Re: Diversity in Democratic Schools

Sundaram (mukesh@inow.com)
Mon, 02 Sep 1996 17:33:04 -0700

Alan Klein wrote:
>=20
> In a message Michael Levy (Pacific Village) wrote:
> >
> ><< --I also want to mention that one person at the meeting felt that t=
here
> >is no reason to take on diversity as a goal. >>
>=20
> Jeff Bradford replied:
>=20
> >I confess; it=92s me.
> >
> >Diversity of ideas, experiences, and opinions is desirable; however, I=
find
> >it highly offensive that a person=92s color, social status, or disabil=
ity is
> >what diversity has been reduced to.
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> Alan Klein responds:
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> It is, I agree, unfortunate that diversity has been reduced to this lev=
el
> of legalese. It is , however, simply a byproduct of having a legal sy=
stem
> that requires precise definitions. Diversity, in human reality, is, I
> believe, both the diversity

Shouldn't we all get back to what it is that we are doing? Providing a=20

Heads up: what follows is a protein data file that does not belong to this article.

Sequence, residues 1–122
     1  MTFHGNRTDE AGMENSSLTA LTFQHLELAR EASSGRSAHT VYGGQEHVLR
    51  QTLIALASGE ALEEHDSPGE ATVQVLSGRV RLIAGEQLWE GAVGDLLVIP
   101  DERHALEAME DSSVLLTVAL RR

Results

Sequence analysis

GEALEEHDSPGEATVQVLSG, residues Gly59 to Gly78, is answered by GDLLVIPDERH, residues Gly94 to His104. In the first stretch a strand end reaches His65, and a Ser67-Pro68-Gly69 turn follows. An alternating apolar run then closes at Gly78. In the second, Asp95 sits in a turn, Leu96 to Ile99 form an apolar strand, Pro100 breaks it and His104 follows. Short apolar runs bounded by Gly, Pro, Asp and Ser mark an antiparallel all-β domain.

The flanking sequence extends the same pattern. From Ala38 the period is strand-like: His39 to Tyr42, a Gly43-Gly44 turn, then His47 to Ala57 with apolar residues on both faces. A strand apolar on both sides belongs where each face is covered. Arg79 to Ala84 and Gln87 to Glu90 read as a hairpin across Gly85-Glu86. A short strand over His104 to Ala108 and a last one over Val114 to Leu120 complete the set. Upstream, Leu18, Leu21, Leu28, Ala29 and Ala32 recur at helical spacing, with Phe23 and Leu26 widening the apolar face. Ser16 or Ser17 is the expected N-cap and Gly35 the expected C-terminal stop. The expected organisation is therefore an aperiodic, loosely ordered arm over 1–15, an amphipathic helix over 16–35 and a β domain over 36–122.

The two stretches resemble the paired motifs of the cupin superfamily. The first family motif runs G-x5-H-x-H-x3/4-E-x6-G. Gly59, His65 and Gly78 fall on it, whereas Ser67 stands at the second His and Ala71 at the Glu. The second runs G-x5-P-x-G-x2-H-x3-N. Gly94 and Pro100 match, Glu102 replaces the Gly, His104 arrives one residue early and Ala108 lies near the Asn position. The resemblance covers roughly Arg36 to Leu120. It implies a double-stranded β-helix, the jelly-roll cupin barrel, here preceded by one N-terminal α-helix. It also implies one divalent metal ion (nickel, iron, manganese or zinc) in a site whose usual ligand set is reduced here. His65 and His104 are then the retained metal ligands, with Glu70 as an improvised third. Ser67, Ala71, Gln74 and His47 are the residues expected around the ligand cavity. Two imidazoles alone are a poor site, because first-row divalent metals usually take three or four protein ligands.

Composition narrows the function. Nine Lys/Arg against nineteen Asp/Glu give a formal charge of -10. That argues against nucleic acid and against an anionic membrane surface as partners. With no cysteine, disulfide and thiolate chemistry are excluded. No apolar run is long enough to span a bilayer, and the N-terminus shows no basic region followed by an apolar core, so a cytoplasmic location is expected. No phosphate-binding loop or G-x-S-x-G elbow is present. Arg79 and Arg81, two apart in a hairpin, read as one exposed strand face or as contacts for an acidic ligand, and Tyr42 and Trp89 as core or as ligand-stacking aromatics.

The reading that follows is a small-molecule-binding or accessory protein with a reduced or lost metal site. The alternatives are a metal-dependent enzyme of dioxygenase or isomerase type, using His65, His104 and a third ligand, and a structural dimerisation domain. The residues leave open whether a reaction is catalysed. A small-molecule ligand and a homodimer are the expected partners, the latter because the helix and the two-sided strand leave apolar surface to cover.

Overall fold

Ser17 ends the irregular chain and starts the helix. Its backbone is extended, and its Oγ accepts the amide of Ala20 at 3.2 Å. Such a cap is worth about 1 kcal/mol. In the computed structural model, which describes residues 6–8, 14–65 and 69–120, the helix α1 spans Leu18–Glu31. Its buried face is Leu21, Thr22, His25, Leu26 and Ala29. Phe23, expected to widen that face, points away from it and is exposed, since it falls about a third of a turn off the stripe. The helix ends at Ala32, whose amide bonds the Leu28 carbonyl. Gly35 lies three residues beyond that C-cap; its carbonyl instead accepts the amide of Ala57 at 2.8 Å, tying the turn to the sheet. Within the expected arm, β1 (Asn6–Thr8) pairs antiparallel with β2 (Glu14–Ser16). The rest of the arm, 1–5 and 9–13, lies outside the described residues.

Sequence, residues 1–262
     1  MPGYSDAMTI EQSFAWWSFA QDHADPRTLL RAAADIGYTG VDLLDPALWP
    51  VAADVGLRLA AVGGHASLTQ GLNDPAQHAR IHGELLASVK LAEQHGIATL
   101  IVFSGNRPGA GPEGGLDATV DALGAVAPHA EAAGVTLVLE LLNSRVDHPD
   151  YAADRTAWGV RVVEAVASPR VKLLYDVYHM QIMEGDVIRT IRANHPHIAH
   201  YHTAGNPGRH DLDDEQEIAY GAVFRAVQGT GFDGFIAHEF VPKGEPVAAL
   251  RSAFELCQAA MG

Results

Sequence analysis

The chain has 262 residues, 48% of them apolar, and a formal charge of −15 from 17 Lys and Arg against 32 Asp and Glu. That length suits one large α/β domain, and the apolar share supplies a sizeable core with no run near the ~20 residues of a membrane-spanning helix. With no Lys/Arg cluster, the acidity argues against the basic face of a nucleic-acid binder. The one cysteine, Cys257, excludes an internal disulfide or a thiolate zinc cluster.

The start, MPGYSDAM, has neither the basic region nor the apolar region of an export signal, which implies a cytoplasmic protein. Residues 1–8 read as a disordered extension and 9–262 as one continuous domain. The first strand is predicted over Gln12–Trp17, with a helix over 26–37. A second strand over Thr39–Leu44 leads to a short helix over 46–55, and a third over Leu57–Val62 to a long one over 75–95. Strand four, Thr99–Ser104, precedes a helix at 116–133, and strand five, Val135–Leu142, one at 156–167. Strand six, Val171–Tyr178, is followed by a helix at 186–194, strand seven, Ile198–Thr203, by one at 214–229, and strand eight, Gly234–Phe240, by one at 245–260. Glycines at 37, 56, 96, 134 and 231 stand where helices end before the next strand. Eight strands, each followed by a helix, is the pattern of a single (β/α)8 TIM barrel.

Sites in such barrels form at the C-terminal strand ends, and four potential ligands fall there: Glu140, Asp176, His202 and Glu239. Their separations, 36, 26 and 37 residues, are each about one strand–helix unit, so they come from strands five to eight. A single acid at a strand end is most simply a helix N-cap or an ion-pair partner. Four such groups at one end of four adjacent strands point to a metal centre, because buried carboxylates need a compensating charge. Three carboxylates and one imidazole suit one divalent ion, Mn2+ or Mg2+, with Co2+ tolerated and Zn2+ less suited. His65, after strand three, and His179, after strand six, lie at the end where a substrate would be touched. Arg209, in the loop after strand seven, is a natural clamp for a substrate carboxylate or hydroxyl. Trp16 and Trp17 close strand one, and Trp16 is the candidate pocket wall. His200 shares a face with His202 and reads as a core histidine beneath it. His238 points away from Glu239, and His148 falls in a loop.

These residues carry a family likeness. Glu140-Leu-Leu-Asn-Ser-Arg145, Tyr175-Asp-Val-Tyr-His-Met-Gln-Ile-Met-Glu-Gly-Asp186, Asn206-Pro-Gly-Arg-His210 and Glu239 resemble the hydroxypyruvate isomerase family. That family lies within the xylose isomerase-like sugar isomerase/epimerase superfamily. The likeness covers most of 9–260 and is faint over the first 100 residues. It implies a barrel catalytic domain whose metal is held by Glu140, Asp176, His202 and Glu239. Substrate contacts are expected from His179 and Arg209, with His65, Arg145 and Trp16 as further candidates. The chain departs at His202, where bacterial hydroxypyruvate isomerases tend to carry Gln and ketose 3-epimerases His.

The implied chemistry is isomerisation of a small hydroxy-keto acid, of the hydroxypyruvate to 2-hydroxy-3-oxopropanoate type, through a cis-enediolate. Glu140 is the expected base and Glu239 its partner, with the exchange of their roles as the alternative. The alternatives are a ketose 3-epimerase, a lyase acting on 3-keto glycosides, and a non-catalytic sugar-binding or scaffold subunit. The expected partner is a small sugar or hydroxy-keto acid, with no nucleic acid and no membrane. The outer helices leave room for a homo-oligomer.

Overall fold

democratic learning environment for the "students" of the school to=20
discover the trials, tribulations and joys of functioning in a working=20
society. Why is there a need to impose the messups of our adult society=20
and make the kids create the solution? I think that the best situation=20
is for the democratic school to operate true to its founding principles=20
based on mutual respect and rights. Our school in Santa Clara is highly=20
diverse. A major reason I refused to send my kids to public school was=20
the divisive nature of multiculturalism. My children live in a home=20
where two cultures come together and are appreciated, not dissected for=20
their differences, but embraced for their gifts. I don't want anyone to=20
destroy that appreciation by suggesting there are deep and dividing=20
differences. An environment of respect and appreciation will draw all=20
people of all backgrounds together. =20

K. Sundaram